Chemicals and Mental Health
Early life exposure to heavy metals and ‘environmental chemicals’ may not only reduce IQ but also cause schizophrenia and other mental illnesses. It is now recognised that these also cause Alzheimer’s disease.
Psychological studies have suggested that cognitive decline may well have been cast at the dawn of the industrial age! Early studies showed that significant personality differences were found in people living in regions where large numbers of men were employed in coal-based industries from 1813 to 1820. This was the time when the Industrial Revolution was peaking. Neuroticism (for example) was, on average, 33% higher in these areas compared with the rest of the country. But mental diseases continue to increase, and the rate of age-related dementia has already reached epidemic levels.
In the late 1990’s my genetics laboratory performed many studies on the chromosomes of men and women who had been exposed to high levels of agricultural and industrial chemicals. We found that all those with documented exposures had cells with broken chromosomes and we suggested that this probably gave them an increased risk of developing cancer. However, it was also obvious that most of these people had high levels of anxiety and some degree of mental instability but we didn’t understand that it was ‘cause and effect’. Indeed, the mental instability that was caused by the exposures, probably led to some of their claims being ignored by conventional medicine.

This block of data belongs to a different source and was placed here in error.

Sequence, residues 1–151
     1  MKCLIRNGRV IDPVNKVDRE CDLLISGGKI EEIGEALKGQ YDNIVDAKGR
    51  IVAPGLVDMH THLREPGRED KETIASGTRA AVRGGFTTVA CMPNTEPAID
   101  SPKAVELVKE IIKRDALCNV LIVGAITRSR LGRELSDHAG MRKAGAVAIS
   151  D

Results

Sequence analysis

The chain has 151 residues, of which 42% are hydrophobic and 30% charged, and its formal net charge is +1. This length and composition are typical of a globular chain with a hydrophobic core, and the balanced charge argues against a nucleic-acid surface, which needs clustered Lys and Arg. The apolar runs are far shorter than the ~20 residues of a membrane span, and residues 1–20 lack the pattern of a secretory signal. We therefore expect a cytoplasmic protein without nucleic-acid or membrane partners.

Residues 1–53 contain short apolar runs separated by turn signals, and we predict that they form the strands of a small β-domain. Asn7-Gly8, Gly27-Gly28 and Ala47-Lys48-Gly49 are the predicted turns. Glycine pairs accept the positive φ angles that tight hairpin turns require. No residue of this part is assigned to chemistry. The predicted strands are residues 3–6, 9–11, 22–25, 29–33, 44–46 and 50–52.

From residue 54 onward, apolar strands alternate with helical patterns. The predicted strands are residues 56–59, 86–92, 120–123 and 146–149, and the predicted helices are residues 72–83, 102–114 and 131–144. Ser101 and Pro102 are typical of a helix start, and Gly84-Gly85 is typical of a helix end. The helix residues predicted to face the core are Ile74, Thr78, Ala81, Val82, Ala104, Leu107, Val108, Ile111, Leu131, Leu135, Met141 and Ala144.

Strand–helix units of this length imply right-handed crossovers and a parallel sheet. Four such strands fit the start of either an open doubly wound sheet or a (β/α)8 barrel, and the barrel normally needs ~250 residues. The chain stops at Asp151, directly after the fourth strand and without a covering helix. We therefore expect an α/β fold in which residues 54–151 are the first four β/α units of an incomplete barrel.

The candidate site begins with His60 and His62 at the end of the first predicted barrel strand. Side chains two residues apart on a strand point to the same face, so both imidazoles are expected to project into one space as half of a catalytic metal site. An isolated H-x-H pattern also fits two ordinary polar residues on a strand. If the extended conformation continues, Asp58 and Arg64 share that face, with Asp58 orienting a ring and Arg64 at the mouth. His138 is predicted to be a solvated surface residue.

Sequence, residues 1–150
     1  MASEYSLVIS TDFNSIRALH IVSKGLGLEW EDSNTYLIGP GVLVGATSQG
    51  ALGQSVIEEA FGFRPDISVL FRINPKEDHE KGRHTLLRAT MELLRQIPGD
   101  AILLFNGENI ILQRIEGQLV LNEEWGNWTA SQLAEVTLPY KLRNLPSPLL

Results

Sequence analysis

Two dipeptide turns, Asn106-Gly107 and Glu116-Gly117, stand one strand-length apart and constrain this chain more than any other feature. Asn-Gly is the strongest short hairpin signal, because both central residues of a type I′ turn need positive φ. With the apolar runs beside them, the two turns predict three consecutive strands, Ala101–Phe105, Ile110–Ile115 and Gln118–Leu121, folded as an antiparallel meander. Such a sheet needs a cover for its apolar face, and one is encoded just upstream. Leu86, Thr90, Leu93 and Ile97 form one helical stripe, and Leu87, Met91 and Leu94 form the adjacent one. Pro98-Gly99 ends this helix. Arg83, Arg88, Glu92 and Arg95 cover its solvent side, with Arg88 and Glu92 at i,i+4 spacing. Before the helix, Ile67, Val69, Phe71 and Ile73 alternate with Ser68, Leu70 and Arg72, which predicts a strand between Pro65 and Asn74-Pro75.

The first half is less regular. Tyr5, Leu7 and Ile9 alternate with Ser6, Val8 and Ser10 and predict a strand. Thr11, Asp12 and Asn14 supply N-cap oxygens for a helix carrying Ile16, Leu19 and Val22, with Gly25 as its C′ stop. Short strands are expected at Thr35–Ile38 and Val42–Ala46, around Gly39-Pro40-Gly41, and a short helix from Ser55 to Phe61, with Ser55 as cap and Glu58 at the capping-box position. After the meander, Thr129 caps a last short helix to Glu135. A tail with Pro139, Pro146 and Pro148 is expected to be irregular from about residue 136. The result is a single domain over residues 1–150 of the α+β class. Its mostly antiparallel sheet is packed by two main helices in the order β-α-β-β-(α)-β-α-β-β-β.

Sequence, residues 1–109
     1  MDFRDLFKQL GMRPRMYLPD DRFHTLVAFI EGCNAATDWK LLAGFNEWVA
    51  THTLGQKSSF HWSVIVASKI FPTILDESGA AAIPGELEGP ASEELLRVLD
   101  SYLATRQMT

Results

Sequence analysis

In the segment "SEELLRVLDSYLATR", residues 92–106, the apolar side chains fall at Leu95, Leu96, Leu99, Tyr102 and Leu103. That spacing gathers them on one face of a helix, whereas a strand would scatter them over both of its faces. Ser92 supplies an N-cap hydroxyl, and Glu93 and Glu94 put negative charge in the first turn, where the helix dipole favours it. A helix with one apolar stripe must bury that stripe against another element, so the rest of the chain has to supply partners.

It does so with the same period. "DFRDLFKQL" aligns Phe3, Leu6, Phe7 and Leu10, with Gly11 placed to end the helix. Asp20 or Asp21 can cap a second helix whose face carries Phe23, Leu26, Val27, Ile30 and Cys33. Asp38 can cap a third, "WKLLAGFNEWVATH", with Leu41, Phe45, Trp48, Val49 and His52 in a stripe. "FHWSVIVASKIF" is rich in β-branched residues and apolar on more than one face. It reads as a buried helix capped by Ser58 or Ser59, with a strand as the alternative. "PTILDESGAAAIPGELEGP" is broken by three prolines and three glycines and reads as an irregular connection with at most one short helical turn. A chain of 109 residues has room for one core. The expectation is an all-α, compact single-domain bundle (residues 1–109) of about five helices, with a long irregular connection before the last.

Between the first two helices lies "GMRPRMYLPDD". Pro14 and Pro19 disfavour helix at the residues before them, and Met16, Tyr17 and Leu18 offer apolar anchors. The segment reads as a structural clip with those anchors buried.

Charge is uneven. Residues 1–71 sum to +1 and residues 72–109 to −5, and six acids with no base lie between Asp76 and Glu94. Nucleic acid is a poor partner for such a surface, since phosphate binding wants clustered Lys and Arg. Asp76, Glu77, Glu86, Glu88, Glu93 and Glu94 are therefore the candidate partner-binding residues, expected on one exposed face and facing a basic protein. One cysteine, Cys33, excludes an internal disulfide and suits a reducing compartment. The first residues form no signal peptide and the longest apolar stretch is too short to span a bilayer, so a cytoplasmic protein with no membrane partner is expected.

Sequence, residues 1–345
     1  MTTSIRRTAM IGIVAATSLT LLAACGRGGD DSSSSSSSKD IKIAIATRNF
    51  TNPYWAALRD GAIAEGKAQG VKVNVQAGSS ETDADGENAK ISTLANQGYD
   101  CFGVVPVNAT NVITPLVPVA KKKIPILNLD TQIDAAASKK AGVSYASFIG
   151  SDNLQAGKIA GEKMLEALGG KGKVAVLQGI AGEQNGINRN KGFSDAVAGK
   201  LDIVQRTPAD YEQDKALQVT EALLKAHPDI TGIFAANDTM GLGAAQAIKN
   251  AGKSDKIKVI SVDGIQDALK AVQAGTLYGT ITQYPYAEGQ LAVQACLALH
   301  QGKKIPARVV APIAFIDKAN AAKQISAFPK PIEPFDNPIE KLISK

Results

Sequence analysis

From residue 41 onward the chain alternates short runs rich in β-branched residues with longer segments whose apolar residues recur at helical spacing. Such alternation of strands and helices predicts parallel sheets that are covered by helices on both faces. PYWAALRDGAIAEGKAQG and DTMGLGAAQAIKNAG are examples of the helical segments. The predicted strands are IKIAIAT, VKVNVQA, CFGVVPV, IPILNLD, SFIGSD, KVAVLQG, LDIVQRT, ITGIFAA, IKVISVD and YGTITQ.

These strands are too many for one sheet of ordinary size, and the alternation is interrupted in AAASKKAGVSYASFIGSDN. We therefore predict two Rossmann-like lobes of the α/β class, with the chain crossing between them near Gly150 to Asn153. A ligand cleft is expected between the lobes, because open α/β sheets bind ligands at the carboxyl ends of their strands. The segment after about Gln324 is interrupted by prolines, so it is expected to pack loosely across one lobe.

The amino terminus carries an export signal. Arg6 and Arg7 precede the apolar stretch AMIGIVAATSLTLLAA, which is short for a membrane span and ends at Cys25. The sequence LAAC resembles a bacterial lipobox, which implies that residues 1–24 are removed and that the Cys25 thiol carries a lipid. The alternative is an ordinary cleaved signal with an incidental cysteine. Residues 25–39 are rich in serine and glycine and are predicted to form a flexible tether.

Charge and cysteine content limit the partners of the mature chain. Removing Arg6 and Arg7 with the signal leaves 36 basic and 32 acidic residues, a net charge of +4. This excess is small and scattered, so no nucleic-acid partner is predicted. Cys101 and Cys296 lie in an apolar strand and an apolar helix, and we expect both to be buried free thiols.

Heavy metals, IQ and mental disorders
Exposure to heavy metals, especially lead, is well known to reduce IQ in children. Populations in towns with lead smelters, such as Port Pirie in South Australia, are regularly monitored to evaluate these effects. The effect on intelligence (IQ) is well established but what isn’t well known is that exposure to metals early in life can also cause schizophrenia[i] and other serious mental and behavioural disturbances. Lead exposure in early life also causes autism[ii].
Several of the studies that are now demonstrating these clear associations are using ‘baby teeth’ to measure the levels of heavy metals and these have the advantage of evaluating exposures over time. Although there is also a genetic predisposition to most mental disorders, heavy metals – especially lead, clearly cause serious mental problems.
Age-related dementia has now reached epidemic levels. People who already have autism are 2.6 times as likely to develop Alzheimer’s but we don’t need to have earlier mental problem to develop Alzheimer’s as we age.
There is considerable research relating the development of Alzheimer’s to exposure to heavy metals, especially lead and copper. Finland has by far the highest rates of death from Alzheimer’s at 54.65 deaths/100,000 whereas Singapore has the lowest rate at 0.43 deaths/100,000.